That’s right. Anyone who was injured by a defective product has the right to file a claim. It doesn’t matter if you purchased the item or it was given to you. You don’t even have to be the person using the product — if you were injured because someone else was using a defective product, you’re still eligible to file a claim.
If you were injured by a product you acquired used or secondhand, you might be able to make a defect claim, depending on the product, the type of defect, and how you acquired the item.
Lawsuits for the tragic wrongful death of a child
When an adult dies in a wrongful death situation, there are financial considerations for survivors who were financially dependent on the deceased person. Often, a wrongful death lawsuit is for family members to recover costs from the person’s projected future income to cover financial losses.
However, when it’s a baby or child, there’s no way to know what the earnings would have been and no one is financially dependent on them at the time of their death.
That’s why there are 2 types of wrongful death lawsuits:
- A wrongful death action compensates the surviving family members for financial support, household contributions, and emotional distress.
- A survival action pays for the damages suffered by the victim that were the result of the defendant’s negligence. The medical costs, loss of property, and pain and suffering that the deceased person suffered between the time of the accident and their time of death can be claimed through a survival action. In other words, any personal injury claim the deceased person could’ve made in a lawsuit if they’d lived would be part of a survival action following their death.
In a defective product wrongful death claim for a baby injured by this type of equipment, it’s most likely that parents would file a claim for their own emotional distress, loss of consortium, and similar mental anguish. It would be hard to make a claim for the baby’s emotional distress, and there likely aren’t medical bills because babies can suffocate so quickly.
Defenses to a product liability claim
Each state follows 1 of 4 fault systems. No one wants to “blame” a parent for the tragic death of a baby, but there are instances when the courts could find that they share liability. Depending on what state you live in, if you’ve shared any portion of fault, it could reduce the amount of damages you receive or prevent you from receiving any damages at all.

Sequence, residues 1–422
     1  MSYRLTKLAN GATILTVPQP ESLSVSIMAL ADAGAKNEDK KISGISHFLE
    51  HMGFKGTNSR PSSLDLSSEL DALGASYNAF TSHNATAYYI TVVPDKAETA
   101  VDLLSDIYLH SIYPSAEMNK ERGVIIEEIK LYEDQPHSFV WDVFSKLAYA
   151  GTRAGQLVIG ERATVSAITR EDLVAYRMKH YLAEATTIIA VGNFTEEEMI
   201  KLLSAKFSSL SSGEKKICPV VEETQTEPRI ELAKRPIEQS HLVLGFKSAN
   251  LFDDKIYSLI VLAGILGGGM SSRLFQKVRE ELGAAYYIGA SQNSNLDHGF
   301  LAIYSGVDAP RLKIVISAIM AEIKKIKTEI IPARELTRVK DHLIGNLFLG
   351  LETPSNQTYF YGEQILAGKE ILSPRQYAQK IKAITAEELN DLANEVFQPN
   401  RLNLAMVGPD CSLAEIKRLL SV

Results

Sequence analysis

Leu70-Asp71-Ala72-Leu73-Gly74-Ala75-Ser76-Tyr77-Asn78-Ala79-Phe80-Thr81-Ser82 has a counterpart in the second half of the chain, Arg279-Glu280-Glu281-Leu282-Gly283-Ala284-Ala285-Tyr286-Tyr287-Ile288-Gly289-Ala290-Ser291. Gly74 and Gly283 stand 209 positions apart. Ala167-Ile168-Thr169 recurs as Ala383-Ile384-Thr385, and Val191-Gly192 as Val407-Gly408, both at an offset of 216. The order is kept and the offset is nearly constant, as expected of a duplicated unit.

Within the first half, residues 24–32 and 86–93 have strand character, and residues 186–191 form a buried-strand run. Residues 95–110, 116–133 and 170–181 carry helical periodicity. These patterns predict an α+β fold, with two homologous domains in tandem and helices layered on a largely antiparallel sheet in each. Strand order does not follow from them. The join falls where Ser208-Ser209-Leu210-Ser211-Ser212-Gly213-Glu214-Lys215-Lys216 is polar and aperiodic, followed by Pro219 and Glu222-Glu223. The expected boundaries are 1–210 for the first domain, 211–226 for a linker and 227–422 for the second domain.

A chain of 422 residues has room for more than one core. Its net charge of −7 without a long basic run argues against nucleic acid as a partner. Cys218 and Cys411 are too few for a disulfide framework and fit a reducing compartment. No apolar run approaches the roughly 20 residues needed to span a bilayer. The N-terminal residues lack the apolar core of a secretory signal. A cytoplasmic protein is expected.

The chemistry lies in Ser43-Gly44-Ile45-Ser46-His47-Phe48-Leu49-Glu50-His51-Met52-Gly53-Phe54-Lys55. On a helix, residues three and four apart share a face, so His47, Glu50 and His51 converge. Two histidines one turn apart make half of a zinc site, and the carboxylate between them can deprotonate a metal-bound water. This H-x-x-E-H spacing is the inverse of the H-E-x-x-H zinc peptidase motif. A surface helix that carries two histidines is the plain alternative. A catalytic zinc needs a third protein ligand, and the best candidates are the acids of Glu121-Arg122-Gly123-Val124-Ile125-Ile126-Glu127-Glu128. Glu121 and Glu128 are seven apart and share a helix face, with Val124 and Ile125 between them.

However, most product liability cases follow the doctrine of strict liability. Strict liability claims presume that the consumer should never have received a defective product, and that the injury is therefore not their fault.
In order to have a successful strict liability claim, the plaintiff would have to prove either defective design, manufacturing defect, or marketing mistakes.
In a product liability lawsuit, this benefits the defendant if they can demonstrate that:
- The plaintiff altered or modified the product from its original form.
- The product was used contrary to included warnings or instructions.
- The plaintiff knew there was a defect but used it anyway.
- The plaintiff didn’t exercise reasonable care while using the product.
Although the Boppy loungers are recalled, it’s possible that the company could claim that parents did not use them according to specifications or instructions, or that they somehow modified them from how they were intended to be used.
Do you need a product liability lawyer?
If you own a Boppy lounger but your baby wasn’t injured, then you probably don’t need a defective product lawyer. Instead, you can follow the instructions provided by the Boppy company to receive a refund for the recalled item.
If, however, your baby was injured because of the Boppy lounger (or if you or your child was injured by any defective product), you should absolutely contact a product liability attorney right away.
Your lawyer will examine the product, review any evidence around the circumstances of your injury, and guide you through the process of filing a lawsuit if it becomes necessary.